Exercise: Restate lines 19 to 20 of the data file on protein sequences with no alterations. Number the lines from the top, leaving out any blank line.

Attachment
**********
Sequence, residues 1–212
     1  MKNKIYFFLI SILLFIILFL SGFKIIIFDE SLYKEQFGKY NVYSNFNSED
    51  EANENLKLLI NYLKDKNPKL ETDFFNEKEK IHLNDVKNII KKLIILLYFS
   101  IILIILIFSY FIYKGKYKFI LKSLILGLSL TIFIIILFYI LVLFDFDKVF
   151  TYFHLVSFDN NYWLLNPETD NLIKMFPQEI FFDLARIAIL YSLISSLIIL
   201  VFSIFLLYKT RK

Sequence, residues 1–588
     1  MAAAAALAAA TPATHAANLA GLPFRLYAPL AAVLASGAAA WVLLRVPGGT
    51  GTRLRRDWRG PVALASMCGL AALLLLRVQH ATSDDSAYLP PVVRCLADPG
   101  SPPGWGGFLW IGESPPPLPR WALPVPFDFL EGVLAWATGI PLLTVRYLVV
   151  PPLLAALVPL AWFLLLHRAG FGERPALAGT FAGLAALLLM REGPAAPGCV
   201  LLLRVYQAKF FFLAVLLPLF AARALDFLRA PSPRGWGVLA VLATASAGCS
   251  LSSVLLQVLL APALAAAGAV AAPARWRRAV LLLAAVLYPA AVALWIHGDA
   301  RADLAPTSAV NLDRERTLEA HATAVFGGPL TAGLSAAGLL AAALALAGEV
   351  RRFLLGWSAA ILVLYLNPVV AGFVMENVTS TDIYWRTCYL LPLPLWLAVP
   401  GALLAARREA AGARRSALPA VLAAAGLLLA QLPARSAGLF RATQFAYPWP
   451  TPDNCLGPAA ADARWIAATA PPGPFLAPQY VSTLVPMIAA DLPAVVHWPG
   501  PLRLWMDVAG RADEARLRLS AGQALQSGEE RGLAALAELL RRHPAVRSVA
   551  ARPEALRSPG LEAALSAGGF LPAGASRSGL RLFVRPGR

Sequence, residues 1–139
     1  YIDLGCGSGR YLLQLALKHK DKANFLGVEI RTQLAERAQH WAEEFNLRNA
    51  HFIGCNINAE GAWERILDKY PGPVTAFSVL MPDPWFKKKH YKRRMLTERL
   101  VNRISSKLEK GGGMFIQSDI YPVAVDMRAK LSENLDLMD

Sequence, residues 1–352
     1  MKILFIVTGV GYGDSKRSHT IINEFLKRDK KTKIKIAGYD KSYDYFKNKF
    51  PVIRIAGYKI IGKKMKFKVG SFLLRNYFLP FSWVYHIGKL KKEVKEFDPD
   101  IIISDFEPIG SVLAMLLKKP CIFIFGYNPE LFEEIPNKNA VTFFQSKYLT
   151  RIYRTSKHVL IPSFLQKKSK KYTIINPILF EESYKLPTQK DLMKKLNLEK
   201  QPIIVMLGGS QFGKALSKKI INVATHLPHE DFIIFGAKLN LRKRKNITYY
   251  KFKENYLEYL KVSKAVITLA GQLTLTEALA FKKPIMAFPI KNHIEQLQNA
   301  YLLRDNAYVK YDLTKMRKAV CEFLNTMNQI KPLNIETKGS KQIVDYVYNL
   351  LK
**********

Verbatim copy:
   551  ARPEALRSPG LEAALSAGGF LPAGASRSGL RLFVRPGR

Sequence, residues 1–139